You may also be eligible for grants and scholarships from the federal government. You can start by submitting a Free Application for Federal Student Aid (FAFSA). The FAFSA does more than just see if you qualify for low-interest student loans, it can also provide you with access to federal grants and scholarships. Again, start with the FAFSA — you’ll need the school’s code (041223 for University of Arkansas Grantham) to complete the application.

Take Out a Low-Interest Federal Loan

You already started the process with FAFSA. Once the U.S. Department of Education has reviewed your information, they will issue a Student Aid Report (SAR) that your school will use to put together a financial aid package. It will include all the grants, scholarship and loan options available to you through the government. You could be in line for a Pell Grant, Grant in Aid, Direct Subsidized Federal Student Loan, and more.

Next, you will select which options you want to accept. If you accept a federal student loan, you will need to complete a counseling requirement that outlines the advantages of your loan and your responsibilities for loan repayment.

This counseling — and the FAFSA process in general — offers the kind of financial planning insight that can go a long way toward keeping educational costs low.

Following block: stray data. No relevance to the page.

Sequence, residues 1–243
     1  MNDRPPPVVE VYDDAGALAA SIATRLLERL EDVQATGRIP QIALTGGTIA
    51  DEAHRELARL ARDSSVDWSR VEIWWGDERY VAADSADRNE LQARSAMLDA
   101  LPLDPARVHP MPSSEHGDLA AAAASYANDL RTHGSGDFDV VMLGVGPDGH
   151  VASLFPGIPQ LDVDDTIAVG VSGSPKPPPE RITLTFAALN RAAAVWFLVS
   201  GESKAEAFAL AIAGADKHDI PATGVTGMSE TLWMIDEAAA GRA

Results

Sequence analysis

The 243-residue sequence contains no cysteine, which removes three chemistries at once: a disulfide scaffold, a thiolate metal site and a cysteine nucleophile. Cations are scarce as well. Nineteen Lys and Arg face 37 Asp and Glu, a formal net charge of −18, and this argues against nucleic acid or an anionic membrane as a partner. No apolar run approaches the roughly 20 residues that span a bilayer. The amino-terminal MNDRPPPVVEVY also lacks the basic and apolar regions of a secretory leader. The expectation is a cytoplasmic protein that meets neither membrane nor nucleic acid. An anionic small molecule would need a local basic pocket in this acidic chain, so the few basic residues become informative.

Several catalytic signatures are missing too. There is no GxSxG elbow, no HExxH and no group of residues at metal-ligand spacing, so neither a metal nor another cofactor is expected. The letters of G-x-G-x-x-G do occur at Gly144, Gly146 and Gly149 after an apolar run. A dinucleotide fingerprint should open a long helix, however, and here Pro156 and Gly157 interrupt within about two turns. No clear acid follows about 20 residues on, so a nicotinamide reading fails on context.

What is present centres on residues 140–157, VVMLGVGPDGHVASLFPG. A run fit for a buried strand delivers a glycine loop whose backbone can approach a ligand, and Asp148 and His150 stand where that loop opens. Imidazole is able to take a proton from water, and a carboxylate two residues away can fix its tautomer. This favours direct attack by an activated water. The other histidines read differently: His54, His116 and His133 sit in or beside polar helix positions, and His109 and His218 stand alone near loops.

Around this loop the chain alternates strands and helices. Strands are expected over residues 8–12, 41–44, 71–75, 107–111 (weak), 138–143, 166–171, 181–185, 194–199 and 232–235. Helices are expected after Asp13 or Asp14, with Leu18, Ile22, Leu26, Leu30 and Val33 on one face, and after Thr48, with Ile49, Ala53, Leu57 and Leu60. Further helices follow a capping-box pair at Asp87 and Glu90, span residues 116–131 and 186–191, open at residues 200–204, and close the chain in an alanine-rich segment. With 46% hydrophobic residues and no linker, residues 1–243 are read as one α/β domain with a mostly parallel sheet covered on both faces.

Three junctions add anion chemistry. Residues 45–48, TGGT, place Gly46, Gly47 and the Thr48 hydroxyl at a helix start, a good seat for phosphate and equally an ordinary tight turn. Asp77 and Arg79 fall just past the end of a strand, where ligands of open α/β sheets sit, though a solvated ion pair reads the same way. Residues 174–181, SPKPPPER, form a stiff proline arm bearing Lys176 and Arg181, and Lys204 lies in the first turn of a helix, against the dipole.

Another recommendation for keeping costs low when considering using a federal loan to help pay for college is to only accept what you need. If they offer you more than you need to pay for school, you are not required to accept the full amount. You can accept only a portion to pay for what you need. This helps limit any debt you may accrue and keeps your student loans to a minimal and manageable sum.

Pursue a Degree in Financial Planning

Perhaps the best way to plan for a better financial future—and gain a valuable education that you can afford—is by pursuing a Bachelor of Business Administration in Financial Planning through UA Grantham. In this 100% online program, you’ll explore the topics and master the strategies needed to fully understand and do business in the world of financial planning. You’ll learn what it takes to help organizations, individuals, and yourself analyze current financial situations, set objectives, and design a plan for achieving them.

If a financial planning degree isn’t for you, consider the benefits of any of UA Grantham’s degree programs that could lay the groundwork for a more stable and beneficial career and life for your family.

Are you ready to explore what a college education can do for your financial future? Get off to the right start by exploring all your financial and educational options at UA Grantham.

About the Author

Brandon Swenson
Brandon Swenson, communications manager, is on University of Arkansas Grantham’s editorial board. A veteran and college graduate himself, he understands the benefits and intricacies of government education programs, such as veteran education benefits. Brandon earned his bachelor’s degree from the University of Missouri-Kansas City toward the end of his nearly two-decade tour in the United States Marine Corps.